The National Digital Newspaper Program’s (NDNP) goal in digitizing U.S. newspapers from microfilm isn’t to simply create digital copies of the film—it’s to make the content of the digitized newspapers more usable and reusable. This is made possible through the creation of different kinds of metadata during digitization. (You can read my post from 2013 for the nitty gritty details of NDNP metadata, or go straight to the source.) The addition of robust metadata means that the Library of Congress’ Chronicling America website isn’t just a digital collection of newspapers—it’s a rich data set—and our project’s contributions to Chronicling America represent Maryland in this data.
Newspaper data is being used in exciting ways by scholars, students, and software developers. Here are a few of my favorite examples:
Data Visualization: Journalism’s Journey West
Bill Lane Center for the American West, Stanford University
This visualization plots the 140,000+ newspapers that are included in Chronicling America’s U.S. Newspaper Directory. Read about the history of newspaper publication in the U.S., and watch as newspapers spread across the country from 1690 through the present.
An Epidemiology of Information: Data Mining the 1918 Influenza Pandemic
The 1918 influenza pandemic, or Spanish flu, killed 675,000 in the U.S. and 50 million worldwide. An Epidemiology of Information used two text-mining methods to examine patterns in how the disease was reported in newspapers and the tone of the reports (e.g., alarmist, warning, reassuring, explanatory). Visit the project website for more information, or read the project’s January 2014 article in Perspectives on History.
The Cultural Observatory, Harvard University
Bookworm is a tool that allows you to “visualize trends in repositories of digitized texts,” including Chronicling America. In the graph above, Tom Ewing of the aforementioned Epidemiology of Information project used Bookworm to visualize instances of the word “influenza” in the New York Tribune between 1911 and 1921. You can create your own visualizations of Chronicling America data using this tool.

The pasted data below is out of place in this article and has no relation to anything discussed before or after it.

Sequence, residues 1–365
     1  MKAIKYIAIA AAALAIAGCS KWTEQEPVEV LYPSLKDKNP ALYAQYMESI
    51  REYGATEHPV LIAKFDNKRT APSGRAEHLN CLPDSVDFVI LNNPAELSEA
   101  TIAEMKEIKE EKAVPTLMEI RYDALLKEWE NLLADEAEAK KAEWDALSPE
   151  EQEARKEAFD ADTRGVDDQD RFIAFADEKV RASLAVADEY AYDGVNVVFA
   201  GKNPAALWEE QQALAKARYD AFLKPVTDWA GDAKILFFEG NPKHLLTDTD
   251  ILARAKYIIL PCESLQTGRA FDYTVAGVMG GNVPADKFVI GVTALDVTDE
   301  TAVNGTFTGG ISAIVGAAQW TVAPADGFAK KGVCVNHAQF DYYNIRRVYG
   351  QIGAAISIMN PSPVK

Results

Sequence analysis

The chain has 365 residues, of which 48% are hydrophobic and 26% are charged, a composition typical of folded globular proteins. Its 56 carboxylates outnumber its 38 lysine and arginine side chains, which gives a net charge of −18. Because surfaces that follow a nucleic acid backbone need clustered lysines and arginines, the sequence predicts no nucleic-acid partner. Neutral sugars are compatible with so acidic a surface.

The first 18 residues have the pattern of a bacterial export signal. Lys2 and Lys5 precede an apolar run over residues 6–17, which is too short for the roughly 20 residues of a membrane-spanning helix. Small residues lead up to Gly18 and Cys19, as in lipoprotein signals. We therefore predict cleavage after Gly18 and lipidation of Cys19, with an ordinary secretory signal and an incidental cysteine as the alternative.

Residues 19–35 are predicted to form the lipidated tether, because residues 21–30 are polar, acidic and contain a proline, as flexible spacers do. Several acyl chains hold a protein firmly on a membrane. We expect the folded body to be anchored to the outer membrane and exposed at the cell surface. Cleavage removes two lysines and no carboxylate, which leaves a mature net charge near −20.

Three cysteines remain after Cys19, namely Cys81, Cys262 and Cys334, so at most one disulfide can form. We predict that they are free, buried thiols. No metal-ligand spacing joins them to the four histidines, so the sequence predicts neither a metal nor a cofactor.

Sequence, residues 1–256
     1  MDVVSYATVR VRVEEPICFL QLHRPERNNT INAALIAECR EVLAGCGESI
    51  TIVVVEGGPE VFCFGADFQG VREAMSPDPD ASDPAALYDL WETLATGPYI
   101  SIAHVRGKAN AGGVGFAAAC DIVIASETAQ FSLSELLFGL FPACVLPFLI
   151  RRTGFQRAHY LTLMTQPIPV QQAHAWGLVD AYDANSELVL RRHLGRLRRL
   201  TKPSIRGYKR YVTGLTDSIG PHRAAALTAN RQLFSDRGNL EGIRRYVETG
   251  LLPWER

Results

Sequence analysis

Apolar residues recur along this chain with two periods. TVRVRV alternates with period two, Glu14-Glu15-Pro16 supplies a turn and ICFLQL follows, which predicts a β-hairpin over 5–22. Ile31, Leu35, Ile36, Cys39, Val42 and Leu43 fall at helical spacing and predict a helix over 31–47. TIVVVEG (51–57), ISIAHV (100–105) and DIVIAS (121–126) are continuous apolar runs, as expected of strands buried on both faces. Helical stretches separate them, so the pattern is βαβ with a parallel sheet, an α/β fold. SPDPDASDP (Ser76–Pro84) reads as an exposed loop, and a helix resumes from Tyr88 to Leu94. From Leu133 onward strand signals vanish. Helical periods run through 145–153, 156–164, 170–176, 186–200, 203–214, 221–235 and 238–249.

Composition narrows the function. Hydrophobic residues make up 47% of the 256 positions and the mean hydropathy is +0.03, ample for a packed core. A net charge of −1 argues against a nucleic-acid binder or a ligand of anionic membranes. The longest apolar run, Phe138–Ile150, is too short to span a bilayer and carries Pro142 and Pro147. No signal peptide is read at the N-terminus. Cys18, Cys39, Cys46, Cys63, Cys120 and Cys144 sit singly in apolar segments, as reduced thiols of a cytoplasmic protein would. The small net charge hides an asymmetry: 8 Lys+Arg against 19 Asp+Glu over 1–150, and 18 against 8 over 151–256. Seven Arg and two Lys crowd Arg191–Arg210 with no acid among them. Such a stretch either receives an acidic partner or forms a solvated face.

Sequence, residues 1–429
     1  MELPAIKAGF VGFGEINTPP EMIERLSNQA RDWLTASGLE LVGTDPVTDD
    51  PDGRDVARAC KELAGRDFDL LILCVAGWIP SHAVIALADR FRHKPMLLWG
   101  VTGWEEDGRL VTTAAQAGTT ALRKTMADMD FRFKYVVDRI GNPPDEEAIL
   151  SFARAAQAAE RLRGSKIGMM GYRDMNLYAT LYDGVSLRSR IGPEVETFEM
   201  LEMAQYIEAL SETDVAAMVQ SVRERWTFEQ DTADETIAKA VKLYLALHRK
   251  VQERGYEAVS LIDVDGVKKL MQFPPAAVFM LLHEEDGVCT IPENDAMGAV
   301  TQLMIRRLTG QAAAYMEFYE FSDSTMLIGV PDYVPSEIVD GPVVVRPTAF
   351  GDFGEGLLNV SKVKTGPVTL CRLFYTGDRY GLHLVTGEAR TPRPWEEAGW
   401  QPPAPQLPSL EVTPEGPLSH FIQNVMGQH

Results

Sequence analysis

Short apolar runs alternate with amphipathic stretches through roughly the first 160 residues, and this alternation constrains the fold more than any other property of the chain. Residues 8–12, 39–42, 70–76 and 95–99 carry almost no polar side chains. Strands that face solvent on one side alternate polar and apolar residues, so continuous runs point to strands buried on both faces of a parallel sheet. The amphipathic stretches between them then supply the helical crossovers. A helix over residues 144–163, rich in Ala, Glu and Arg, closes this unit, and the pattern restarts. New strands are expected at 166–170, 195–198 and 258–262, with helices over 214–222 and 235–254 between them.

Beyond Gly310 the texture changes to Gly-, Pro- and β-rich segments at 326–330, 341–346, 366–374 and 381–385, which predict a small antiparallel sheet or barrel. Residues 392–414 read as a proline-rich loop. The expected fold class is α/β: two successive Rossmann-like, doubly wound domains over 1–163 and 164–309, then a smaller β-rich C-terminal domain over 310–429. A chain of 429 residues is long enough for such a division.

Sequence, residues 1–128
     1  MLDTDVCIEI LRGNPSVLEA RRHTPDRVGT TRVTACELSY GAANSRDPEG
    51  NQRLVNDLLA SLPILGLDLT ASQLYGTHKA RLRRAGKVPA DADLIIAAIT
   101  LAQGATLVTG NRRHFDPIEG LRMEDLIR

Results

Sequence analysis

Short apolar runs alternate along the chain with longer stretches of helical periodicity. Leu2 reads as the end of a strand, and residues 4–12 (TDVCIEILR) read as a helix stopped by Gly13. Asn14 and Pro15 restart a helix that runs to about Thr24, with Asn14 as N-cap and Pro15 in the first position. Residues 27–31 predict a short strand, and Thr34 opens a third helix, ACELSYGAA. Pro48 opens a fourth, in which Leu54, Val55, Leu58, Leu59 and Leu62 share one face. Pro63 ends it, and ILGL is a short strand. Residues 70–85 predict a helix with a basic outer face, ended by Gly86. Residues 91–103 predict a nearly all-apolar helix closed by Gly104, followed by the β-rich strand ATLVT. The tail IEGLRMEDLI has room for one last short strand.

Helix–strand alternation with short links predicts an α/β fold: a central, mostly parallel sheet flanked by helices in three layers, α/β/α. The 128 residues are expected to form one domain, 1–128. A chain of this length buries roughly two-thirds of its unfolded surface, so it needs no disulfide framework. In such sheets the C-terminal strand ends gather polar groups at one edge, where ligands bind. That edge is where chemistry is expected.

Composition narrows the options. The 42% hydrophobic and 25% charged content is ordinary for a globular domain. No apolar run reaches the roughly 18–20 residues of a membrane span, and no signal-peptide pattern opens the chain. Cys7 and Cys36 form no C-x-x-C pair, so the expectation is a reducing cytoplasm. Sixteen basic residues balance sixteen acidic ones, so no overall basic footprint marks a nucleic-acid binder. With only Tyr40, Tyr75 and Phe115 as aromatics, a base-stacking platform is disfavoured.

Viral Texts: Mapping Networks of Reprinting in 19th-Century Newspapers and Magazines
NULab for Texts, Maps, and Networks, Northeastern University
In the 19th century, the content published in newspapers was not protected by copyright as it is today. As a result, newspaper editors often “borrowed” and reprinted content from other papers. This project seeks to uncover why particular news stories, works of fiction, and poetry “went viral” using the Optical Character Recognition (OCR) text of the newspapers in Chronicling America and magazines in Cornell University Library’s Making of America.
Everyone is welcome to use Chronicling America as a dataset for their research. There’s no special key or password needed. Information about the Chronicling America API can be found here. For additional projects and tools that use Chronicling America data, see this list compiled by the Library of Congress.
If you reuse Chronicling America data, especially from Maryland newspapers, in your research, please leave a comment or drop us a line. We’d love to hear from you!